Are you in the market to take your game to the next step? If you have some money set aside and want to fill your bag with some quality irons, you’re in the right place. Driving irons are an excellent club to add to your collection.
Read along as we explore what this type of golf club is, several of the best driving irons available on the market, a buyer’s guide, and frequently asked questions. That way, you can ensure you choose the suitable iron for your next game.
What Is a Driving Iron?
A driving (utility) iron is a type of club made for tee shots. Also, due to design choices,a driving iron often performs better than long irons, 5 wood, and fairway woods and serve as a better alternative when hitting from the tee.
To better illustrate a driving iron’s face cup, they’re smaller than hybrids. Meaning they’re not as easy to hit as a hybrid. Because of this, utility irons usually call for higher skill levels. Since these clubs require faster swing speeds, some can compare them to a 4 iron.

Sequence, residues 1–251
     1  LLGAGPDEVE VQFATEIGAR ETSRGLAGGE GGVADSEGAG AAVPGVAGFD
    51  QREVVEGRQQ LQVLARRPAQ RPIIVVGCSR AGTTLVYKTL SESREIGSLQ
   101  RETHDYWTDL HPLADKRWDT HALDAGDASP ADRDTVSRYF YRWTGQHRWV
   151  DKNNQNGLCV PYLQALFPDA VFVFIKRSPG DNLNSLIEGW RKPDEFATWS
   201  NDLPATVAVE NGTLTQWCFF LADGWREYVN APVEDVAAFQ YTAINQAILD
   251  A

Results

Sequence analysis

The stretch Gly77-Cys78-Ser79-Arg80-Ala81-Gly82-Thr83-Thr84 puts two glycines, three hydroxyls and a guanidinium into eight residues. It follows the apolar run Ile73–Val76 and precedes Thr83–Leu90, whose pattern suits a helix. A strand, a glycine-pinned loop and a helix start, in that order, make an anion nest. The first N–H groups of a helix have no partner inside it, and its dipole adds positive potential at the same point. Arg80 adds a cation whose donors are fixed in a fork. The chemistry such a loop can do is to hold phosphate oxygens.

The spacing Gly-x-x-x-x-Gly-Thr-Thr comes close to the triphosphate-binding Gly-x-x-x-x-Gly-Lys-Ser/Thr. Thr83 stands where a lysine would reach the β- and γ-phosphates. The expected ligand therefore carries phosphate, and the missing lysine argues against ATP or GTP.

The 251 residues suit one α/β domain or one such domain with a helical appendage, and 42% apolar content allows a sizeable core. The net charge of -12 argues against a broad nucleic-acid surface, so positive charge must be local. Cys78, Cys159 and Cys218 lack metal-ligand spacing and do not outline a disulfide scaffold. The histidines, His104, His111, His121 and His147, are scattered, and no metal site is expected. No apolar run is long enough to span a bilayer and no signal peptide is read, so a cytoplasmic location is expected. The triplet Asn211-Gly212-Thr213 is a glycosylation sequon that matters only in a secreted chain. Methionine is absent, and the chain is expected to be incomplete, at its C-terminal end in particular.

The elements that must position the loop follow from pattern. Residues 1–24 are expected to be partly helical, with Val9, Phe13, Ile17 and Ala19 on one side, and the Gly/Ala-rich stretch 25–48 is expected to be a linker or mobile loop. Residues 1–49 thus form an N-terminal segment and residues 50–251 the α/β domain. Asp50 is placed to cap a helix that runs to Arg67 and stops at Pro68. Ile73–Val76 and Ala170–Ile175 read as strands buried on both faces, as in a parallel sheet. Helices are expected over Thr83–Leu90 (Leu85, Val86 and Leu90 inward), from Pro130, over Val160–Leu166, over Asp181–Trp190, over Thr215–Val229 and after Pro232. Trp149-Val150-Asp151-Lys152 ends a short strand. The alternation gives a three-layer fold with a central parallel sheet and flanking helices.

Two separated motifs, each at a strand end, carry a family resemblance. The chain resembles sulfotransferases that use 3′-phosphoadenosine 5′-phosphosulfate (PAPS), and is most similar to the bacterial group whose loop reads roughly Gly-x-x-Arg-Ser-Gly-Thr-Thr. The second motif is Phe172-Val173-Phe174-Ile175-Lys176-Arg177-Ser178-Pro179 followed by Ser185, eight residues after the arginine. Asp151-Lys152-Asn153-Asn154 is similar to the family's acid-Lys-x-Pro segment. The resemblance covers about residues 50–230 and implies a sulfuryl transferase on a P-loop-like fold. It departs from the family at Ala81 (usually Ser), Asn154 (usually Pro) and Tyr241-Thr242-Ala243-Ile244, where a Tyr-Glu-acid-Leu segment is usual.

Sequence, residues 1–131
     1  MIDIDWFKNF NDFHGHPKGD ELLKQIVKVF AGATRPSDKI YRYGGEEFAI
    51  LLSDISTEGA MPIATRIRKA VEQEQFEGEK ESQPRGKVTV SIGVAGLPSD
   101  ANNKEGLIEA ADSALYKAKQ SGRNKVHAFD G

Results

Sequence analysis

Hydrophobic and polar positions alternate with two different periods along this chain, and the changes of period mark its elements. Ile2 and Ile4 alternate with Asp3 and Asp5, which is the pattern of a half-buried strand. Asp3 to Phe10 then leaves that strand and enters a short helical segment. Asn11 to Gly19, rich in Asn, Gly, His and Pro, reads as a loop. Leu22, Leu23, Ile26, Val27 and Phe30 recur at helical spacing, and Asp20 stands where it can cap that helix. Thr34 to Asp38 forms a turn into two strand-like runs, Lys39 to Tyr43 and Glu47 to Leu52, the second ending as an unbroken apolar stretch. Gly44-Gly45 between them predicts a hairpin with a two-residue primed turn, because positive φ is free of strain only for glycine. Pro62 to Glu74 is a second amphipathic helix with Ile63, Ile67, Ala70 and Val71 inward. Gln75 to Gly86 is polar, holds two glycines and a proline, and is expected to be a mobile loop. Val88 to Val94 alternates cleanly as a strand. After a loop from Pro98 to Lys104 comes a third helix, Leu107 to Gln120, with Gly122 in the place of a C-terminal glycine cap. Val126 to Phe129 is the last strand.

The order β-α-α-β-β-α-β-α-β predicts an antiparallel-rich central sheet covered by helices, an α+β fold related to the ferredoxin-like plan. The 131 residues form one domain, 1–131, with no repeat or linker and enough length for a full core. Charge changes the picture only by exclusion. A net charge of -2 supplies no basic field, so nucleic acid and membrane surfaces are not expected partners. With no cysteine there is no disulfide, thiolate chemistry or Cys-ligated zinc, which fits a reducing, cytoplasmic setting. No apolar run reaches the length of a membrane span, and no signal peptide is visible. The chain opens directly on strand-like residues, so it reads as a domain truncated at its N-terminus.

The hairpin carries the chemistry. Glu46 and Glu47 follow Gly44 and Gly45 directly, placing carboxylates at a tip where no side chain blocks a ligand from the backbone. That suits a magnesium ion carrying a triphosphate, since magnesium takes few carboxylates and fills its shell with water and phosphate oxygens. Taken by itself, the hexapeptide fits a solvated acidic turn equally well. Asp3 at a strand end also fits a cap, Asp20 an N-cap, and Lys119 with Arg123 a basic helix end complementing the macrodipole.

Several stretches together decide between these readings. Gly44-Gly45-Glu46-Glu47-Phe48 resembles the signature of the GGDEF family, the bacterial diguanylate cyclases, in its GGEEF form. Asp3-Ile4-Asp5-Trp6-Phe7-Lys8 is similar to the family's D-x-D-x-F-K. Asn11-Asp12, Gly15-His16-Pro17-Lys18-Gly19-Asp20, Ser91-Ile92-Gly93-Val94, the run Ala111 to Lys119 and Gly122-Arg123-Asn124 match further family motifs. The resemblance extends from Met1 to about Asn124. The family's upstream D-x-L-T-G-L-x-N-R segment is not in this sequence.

The following are some benefits of using a driving iron over different clubs:
- An iron feel. Due to the look and feel of these clubs, you’ll likely find confidence when setting up the ball.
- Obstacle management. Since these clubs sacrifice distance for accuracy, this tradeoff makes this iron ideal for navigating around obstacles. For example, on most courses, you’ll find trees everywhere. Driving irons are an excellent choice for navigating the ball through branches.
- Windy conditions. Since your shots with a driving iron hit low, your ball won’t go too high into the air and balloon. You want something that is easier to hit in windy conditions.
When Should I Use a Driving Iron?
Driving irons are the best clubs to use when you’re looking for a compromise between hybrids, long irons, and fairway woods clubs. A driving iron can make up for the downfalls of the previously mentioned while enhancing their advantages.